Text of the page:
How to enable freebob driver in Ubuntu

That can be a little tricky. If your distribution doesn’t come with libfreebob package you’ll need to compile this library (and some dependencies) from the source and then rebuild libjack from subversion sources. But that’s not the end of the hassle. You’ll probably find (as I did) that the new compiled (svn) libjack is not compatible with already installed libjack and applications (I think they use different client/server protocols so the incompatibility have sense). Of course, I was not happy at all having to recompile all my jack applications so I looked at fixing the libjack .deb package from its source package.

Luckily, I found that enabling freebob in Ubuntu Feisty is really easy. Feisty is currently the testing/developing Ubuntu version, due for april 2007, so it’s not intended users who need a solid, reliable OS. However, since I have a macbook and the Feisty kernel supports macintel hardware much better than current Ubuntu Edgy, installing Feisty was a decision I already took. And I’ve had no crashes and had a good experience, so far.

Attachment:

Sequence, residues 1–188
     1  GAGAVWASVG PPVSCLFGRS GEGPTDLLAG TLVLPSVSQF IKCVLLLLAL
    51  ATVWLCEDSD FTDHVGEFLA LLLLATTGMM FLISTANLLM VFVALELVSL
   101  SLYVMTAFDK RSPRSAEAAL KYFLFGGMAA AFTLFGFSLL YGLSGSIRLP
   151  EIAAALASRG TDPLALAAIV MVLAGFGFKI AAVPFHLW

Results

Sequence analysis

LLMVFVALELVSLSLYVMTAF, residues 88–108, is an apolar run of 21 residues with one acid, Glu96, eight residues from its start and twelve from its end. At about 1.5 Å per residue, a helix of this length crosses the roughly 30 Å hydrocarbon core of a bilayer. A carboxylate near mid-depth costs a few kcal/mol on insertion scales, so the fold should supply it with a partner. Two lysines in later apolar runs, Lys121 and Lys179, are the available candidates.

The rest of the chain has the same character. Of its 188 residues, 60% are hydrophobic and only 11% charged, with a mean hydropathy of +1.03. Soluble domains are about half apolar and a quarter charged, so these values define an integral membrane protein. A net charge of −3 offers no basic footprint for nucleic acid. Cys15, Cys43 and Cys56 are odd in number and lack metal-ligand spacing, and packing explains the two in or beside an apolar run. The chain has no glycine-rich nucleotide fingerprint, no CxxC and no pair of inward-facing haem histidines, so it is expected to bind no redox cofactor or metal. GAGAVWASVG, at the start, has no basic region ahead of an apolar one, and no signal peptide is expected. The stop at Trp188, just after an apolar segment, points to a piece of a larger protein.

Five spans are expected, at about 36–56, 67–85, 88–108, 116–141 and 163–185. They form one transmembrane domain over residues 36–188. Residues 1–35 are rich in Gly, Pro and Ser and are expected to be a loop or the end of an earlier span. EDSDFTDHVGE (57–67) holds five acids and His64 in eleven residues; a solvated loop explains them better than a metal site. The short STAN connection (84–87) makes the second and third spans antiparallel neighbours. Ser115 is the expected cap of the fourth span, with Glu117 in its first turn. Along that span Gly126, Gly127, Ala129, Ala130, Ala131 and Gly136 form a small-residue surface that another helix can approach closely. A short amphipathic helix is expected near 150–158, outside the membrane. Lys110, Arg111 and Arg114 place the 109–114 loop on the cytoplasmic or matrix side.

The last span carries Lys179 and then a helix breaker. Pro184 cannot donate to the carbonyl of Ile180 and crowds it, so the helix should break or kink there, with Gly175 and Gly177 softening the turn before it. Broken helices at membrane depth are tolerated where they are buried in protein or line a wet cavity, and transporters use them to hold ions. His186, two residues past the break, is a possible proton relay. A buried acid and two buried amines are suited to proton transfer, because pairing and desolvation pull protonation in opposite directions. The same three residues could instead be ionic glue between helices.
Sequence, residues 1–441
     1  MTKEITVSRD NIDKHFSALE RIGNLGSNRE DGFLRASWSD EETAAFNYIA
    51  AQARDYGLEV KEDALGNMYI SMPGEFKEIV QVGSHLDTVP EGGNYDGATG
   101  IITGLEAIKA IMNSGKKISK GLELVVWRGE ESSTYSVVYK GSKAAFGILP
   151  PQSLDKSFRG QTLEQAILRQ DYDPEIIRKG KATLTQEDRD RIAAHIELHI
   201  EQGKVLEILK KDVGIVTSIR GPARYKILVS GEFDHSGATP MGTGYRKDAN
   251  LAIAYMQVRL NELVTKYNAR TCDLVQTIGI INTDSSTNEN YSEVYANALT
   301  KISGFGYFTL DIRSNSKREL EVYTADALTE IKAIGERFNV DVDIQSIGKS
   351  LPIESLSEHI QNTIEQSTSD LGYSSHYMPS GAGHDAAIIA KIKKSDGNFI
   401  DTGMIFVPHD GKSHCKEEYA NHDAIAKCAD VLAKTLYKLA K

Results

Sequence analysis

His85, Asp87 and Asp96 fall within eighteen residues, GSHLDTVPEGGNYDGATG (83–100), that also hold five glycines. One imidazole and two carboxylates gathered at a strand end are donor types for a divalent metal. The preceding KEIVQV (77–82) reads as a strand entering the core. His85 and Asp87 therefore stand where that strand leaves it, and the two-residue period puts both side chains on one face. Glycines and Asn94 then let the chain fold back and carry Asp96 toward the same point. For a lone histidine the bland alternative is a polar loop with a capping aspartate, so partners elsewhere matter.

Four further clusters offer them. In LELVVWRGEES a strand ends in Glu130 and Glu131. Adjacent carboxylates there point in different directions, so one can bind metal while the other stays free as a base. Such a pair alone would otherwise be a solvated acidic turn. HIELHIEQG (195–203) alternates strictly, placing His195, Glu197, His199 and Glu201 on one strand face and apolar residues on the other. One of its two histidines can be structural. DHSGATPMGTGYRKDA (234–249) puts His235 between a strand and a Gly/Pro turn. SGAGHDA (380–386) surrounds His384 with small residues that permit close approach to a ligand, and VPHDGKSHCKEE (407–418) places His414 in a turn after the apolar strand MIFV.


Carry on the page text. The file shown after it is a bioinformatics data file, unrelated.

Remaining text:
So, the good news is that in Feisty you already have libfreebob0 in universe repository. The bad new is that, however, jackd comes with freebob driver disabled. Note that freebob is not a driver you can plug-in but is it built-in with jack. I believe it’s a packaging bug and very simple to resolve (though still in unconfirmed state).
Update: (January 25th) it seems that this problem has been resolved in new ubuntu-feisty libjack package (its already compiled against libfreebob). So ignore the next steps for compiling jackd from sources.

So here goes the how-to for enabling freebob in jackd maintaining all jack-apps compatible:

Enable universe binary and source repositories and install libfreebob-dev
$ sudo apt-get libfreebob0-dev
Download and compile libjack from source package. It can be done with a single instruction:
$ sudo sudo apt-get -b source libjack0.100.0-dev